According to a new World Bank report, growth in developing countries in East Asia and the Pacific has remained resilient and is expected to decline, albeit only moderately, over the 2016-18 period. This perspective is subject to high risks, and countries should continue to give priority to monetary and fiscal policies that reduce vulnerabilities and strengthen credibility, while at the same time strengthening structural reforms.
Growth in developing countries in East Asia is expected to decline from 6.5 per cent in 2015 to 6.3 per cent in 2016 and 6.2 per cent in the period 2017-18. The forecast reflects China’s gradual evolution towards slower and more sustainable growth, which is expected to be 6.7% in 2016 and 6.5% in 2017, compared to 6.9% in 2015.
“This is an important moment for developing countries in East Asia and the Pacific. This region accounted for almost two-fifths of global growth in 2015, more than double the combined contribution of all other developing regions, “said Victoria Kwakwa, incoming vice president for the World Bank for East Asia and the Pacific. “The region has benefited from diligent macroeconomic policies, including efforts to increase incomes in commodity-exporting countries. However, if growth is to continue in the difficult global situation, it will be necessary to continue progress with structural reforms. “
The report entitled Economic Update on East Asia and the Pacific analyzes the region’s growth prospects in a difficult context: slow growth in high-income countries, generalized deceleration in emerging markets, weak world trade, persistently commodity prices Low and increasingly volatile global financial markets.
Excluding China, developing countries in the region grew by 4.7% in 2015, and the pace of growth will rise slightly – to 4.8% in 2016 and to 4.9% in the period 2017-18 – boosted by the growth of the great economies of Southeast Asia. However, the prospects of different countries vary according to their respective trade and financial relationships with high-income economies and China, as well as their dependence on commodity exports.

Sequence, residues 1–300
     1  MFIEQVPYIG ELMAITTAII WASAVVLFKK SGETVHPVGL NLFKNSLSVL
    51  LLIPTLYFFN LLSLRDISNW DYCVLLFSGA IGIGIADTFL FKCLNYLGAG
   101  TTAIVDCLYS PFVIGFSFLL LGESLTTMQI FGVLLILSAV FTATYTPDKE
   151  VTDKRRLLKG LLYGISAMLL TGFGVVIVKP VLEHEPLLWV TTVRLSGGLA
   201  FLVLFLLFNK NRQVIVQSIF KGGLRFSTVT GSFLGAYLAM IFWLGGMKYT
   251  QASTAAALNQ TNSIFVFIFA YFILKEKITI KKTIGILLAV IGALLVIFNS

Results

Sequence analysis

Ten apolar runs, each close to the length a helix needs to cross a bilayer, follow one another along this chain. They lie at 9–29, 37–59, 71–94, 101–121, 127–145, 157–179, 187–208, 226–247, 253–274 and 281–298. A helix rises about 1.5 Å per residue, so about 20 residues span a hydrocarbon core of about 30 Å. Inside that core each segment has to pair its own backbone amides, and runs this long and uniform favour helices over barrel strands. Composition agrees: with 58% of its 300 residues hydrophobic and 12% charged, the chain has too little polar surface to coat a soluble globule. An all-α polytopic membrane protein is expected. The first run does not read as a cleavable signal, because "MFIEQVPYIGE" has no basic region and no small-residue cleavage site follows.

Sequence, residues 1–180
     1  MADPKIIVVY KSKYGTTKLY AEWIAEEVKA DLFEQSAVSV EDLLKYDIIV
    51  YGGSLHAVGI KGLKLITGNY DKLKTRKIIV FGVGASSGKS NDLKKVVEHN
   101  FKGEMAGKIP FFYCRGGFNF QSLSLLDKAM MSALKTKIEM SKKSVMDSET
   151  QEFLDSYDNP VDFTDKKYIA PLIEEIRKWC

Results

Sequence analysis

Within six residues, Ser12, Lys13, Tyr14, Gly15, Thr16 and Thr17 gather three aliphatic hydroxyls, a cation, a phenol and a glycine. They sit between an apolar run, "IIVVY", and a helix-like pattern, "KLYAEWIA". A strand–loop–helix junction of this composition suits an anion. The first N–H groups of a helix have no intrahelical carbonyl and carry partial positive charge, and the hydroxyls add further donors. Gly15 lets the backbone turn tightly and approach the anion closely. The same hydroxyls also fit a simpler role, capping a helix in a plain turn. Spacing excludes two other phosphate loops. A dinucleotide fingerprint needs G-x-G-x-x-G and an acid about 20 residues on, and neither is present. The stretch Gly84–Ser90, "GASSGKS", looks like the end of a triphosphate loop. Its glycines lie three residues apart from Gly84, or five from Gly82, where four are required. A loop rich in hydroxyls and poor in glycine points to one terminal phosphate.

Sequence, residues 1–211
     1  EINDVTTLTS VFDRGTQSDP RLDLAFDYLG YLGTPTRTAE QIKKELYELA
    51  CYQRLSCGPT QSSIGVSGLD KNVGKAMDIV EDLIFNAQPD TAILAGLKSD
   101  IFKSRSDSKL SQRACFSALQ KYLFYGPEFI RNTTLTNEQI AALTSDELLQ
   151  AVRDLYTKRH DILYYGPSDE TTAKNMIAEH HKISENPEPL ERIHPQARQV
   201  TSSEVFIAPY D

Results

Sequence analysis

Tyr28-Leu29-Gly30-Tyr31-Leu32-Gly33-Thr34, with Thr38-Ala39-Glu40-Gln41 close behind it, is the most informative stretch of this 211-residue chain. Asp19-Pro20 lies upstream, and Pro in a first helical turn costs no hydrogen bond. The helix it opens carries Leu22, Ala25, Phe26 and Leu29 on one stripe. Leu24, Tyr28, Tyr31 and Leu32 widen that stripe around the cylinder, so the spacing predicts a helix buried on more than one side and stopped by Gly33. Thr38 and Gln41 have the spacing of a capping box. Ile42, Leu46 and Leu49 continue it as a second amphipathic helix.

Among the large developing economies in Southeast Asia, the Philippines and Viet Nam have the strongest growth prospects: both are expected to grow by over 6% by 2016. In Indonesia, growth forecast stands at 5.1% By 2016 and 5.3% by 2017, depending on the success of recent reforms and the implementation of an ambitious public investment program.
A number of small economies, such as the Lao People’s Democratic Republic, Mongolia and Papua New Guinea, will continue to be affected by low commodity prices and reduced external demand. Cambodia’s growth will be slightly below 7% in the 2016-18 period, due to lower prices for agricultural commodities, lower apparel exports and moderate growth in the tourism sector. In the Pacific island countries, growth is likely to remain subdued.
“Developing countries in East Asia and the Pacific face high risks, such as a weaker-than-expected recovery in high-income economies and a slower-than-expected deceleration in China. At the same time, policymakers have less room for maneuver in setting macroeconomic policies, “said Sudhir Shetty, chief economist at the World Bank for East Asia and the Pacific. “Countries must adopt monetary and fiscal policies that reduce their exposure to global and regional risks and continue to implement structural reforms that promote productivity and promote inclusive growth.”
Slower-than-expected global growth could dampen demand and slow growth in developing countries in East Asia and the Pacific, especially in commodity-exporting countries. The report calls for close monitoring of economic vulnerabilities, especially those linked to high levels of debt, price deflation and slowed growth in China, as well as high corporate and household debt in other major economies. In addition, the region must be prepared to deal with natural disasters, which pose a significant risk to the Pacific island countries.